AI-enabled Manipulation and EU Law

45 Pages Posted: 28 Mar 2022

See all articles by Claire Boine

Claire Boine

University of Ottawa Faculty of Law; Artificial and Natural Intelligence Toulouse Institute

Date Written: June 1, 2021

Abstract

The European Commission, proposed three regulations containing provisions on digital manipulation. The first one, released in December 2020, is the Digital Services Act. It has a particular focus on the prevention of disinformation. The second proposed regulation that addresses digital manipulation is the Proposal for a Regulation of the European Parliament and of the Council on the transparency and targeting of political advertising, which was released in November 2021. The third proposed regulation we will address, the AI Act of April 2021, was set to adopt provisions addressing the risks of AI including the “specific risks of impersonation or deception.” A few weeks before the official release date, a draft of the proposal was leaked. It contained ambitious provisions against AI systems defined as manipulative. However, a few weeks later, when the actual proposed regulation came out, these provisions had been suppressed. The concept of manipulation had been replaced with the deployment of “subliminal techniques beyond a person’s consciousness in order to materially distort a person’s behaviour in a manner that causes or is likely to cause that person or another person physical or psychological harm.”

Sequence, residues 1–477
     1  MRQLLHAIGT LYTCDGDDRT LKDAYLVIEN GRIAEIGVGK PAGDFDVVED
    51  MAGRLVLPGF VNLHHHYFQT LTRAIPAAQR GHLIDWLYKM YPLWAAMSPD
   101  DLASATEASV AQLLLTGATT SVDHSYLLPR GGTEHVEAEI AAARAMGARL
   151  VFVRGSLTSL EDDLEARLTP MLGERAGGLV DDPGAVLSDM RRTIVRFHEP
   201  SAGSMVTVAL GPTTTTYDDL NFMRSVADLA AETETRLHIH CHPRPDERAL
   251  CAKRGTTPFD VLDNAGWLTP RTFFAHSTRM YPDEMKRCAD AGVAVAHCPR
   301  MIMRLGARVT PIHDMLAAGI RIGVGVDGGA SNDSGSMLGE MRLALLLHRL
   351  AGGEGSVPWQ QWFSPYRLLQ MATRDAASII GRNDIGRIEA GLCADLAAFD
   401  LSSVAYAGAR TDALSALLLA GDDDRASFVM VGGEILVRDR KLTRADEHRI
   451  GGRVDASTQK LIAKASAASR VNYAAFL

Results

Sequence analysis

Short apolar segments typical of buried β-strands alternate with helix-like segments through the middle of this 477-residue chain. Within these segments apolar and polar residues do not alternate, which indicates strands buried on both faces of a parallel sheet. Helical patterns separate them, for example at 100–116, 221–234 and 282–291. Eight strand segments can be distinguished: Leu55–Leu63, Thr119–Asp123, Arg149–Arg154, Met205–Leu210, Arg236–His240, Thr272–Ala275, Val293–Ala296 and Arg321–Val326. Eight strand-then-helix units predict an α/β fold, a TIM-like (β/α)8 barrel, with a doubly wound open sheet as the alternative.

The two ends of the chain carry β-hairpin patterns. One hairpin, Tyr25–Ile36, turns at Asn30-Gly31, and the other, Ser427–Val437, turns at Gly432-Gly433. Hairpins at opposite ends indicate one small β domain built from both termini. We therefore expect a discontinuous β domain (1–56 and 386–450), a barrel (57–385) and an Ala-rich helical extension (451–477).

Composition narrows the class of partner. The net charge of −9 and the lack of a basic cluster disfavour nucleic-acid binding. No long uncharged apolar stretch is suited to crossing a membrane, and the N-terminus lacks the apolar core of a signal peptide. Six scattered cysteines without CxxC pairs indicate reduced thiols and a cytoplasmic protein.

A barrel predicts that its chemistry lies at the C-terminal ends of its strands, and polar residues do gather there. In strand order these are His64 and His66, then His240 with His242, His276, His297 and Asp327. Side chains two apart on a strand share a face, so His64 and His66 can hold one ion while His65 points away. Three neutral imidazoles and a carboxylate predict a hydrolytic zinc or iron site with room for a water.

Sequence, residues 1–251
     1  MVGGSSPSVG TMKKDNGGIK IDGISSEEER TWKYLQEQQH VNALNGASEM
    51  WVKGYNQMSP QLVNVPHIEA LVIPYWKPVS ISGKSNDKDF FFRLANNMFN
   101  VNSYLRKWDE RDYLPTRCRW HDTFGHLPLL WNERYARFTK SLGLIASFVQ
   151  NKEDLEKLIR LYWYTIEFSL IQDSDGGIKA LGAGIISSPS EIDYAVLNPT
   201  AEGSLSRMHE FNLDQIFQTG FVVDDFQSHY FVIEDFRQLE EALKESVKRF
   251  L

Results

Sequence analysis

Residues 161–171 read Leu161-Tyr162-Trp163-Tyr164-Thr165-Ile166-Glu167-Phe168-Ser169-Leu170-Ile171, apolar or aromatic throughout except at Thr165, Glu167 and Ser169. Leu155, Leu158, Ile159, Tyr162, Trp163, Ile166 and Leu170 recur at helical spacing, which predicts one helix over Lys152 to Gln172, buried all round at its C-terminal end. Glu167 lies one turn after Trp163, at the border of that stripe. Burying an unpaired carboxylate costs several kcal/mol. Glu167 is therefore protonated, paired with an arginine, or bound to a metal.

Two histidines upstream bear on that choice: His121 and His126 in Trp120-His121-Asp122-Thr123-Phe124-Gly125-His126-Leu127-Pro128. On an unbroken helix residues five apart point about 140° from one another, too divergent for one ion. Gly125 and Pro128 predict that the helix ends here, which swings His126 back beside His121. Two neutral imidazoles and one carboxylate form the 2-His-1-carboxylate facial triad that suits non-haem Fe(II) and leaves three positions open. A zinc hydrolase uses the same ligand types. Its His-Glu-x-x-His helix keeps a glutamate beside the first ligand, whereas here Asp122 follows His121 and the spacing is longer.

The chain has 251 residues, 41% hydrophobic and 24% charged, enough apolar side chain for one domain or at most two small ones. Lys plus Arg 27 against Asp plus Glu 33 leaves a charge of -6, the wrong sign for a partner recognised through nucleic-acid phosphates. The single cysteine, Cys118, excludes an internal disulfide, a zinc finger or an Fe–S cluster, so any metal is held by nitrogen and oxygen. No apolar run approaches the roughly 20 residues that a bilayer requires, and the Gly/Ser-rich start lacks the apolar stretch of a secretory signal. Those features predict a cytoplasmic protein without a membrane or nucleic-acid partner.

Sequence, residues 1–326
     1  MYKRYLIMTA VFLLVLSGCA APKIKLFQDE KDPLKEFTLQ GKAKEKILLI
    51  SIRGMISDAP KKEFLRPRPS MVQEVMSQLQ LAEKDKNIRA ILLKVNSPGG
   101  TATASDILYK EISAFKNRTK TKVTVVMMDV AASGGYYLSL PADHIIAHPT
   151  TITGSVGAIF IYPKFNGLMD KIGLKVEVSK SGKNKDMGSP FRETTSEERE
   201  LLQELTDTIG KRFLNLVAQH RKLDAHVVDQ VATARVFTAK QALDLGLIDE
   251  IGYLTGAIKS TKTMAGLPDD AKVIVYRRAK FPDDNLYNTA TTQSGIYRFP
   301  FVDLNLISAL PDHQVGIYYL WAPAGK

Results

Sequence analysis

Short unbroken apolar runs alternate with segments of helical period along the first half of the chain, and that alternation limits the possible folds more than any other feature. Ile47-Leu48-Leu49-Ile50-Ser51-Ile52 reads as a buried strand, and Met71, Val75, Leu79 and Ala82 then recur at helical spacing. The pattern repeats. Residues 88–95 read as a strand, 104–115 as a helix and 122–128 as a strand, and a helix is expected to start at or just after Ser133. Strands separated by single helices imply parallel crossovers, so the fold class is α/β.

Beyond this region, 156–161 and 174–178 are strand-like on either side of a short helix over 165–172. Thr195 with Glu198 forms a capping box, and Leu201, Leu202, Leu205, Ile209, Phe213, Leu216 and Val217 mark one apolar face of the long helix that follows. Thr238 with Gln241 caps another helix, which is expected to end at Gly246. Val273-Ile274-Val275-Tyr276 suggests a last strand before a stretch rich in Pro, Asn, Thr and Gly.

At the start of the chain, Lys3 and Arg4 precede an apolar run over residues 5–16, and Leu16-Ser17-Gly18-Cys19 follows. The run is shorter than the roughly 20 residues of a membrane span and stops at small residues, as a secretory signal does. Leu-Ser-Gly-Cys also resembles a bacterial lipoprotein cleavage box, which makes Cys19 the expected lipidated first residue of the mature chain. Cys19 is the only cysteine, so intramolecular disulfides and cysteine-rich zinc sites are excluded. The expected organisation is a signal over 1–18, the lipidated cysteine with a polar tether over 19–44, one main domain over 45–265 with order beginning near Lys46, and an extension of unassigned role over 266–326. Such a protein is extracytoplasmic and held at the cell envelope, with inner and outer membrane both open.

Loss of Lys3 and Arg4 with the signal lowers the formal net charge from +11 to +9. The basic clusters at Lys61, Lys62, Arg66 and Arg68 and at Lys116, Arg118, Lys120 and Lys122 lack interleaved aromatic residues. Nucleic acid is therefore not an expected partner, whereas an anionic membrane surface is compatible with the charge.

Although there is currently a surge in the collection of biometric and personal data to infer individuals’ personalities, preferences, and emotional states to influence their behaviors, the AI Act could be interpreted to be banning only a very narrow set of manipulative AI systems, and is likely to leave out some harmful manipulative systems. In the first part of this paper, we will discuss three issues that have been overlooked in the literature on manipulation using AI systems. In the second part, we will show the limitations of the EU Commission’s ban on subliminal techniques and expose its philosophical premises and contend that the Commission’s most recent guidelines on the UCPD provides hope for future directions. In the third part, we will propose a new definition of manipulation and legal solutions to the problem of AI manipulation.

Keywords: AI, manipulation, AI Act, UCPD, Digital Services Act, subliminal manipulation, Kant, Descartes, Cambridge Analytica, availability cascade, Babel technique, democracy, micro-targeting, political advertising

Suggested Citation

Boine, Claire, AI-enabled Manipulation and EU Law (June 1, 2021). Available at SSRN: https://ssrn.com/abstract=4042321 or http://dx.doi.org/10.2139/ssrn.4042321

Claire Boine (Contact Author)

University of Ottawa Faculty of Law ( email )

2292 Edwin Crescent
Ottawa, Ontario K2C 1H7
Canada

Artificial and Natural Intelligence Toulouse Institute ( email )

University of Toulouse
Toulouse
France

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